Today, he says, it's acceptable to live in a world where you can change your looks but choose not to. But in 20 years or so, he says, "in certain societies - Brazil, Argentina, more and more the UK, South Korea, Japan - the [question will be], 'Why didn't you take advantage? Why are you walking around bald?' " he says.
As a precedent the article cites the example of the increasingly widespread use of orthodontics work to improve the appear of teeth.
It seems reasonable to expect advances in biotechnology to lower the cost, pain, and inconvenience associated with plastic surgery and other medical alterations in appearance. To take just one example, currently the only way to replace hair lost by hair pattern baldness with real hair is to have plugs of hair moved to the front surgically. But eventually it seems reasonable to expect gene therapies to be developed which can be injected or delivered via a surface cream or paste.
Also, collagen injections will eventually be replaced by gene therapy injections that instruct cells in an area to make more collagen. A procedure that has to be repeated periodically will be replaced by a procedure that has to be done only once.
The biggest area of cost lowering innovation will be in the development of techniques to use gene therapies to mold a face or other surface feature without performing surgery. Once such therapies become available the pain, risk, time, and cost of appearance modification will all drop so far that appearance modification will become very commonplace.
As for what everyone will look like: the big mystery is whether all people will converge on some universal look. My guess is that there will not be a single ideal appearance but rather several of them since there is some variation in personal ideals for the appearance of others. Think of it as analogous to different tastes in cars, music, and clothes.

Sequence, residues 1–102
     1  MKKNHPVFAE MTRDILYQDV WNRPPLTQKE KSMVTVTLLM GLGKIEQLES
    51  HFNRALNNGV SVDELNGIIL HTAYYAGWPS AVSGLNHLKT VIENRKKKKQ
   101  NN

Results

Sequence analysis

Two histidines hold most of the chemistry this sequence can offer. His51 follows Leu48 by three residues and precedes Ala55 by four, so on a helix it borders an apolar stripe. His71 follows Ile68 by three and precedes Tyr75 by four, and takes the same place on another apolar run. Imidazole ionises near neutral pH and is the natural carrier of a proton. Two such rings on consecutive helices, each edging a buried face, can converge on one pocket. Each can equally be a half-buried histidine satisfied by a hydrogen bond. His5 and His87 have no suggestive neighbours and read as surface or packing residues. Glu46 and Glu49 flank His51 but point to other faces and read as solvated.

The Bush Administration is pushing to change federal law to allow permanent retention of DNA samples from those arrested but not necessarily convicted of crimes.
Adding profiles from thousands of adult arrestees and juvenile offenders would greatly expand the DNA system's worth by increasing the number of potential matches, administration officials say. Justice Department officials have discussed potential changes in federal DNA law with key members of Congress and are pushing for legislation this year.
The American Civil Liberties Union (ACLU) is objecting to this proposal. The arguments here are interesting because this is not just an issue of being able to match a person's DNA with DNA that is found to be in some way connected with the commission of a crime. Another issue is that eventually many characteristics of a person will be discovered from analysis of a DNA sample. If genetic variations that cause particular personality types are discovered then a person's DNA could be analysed to see if it has genetic variations that are linked to particular personality and behavioral characteristics.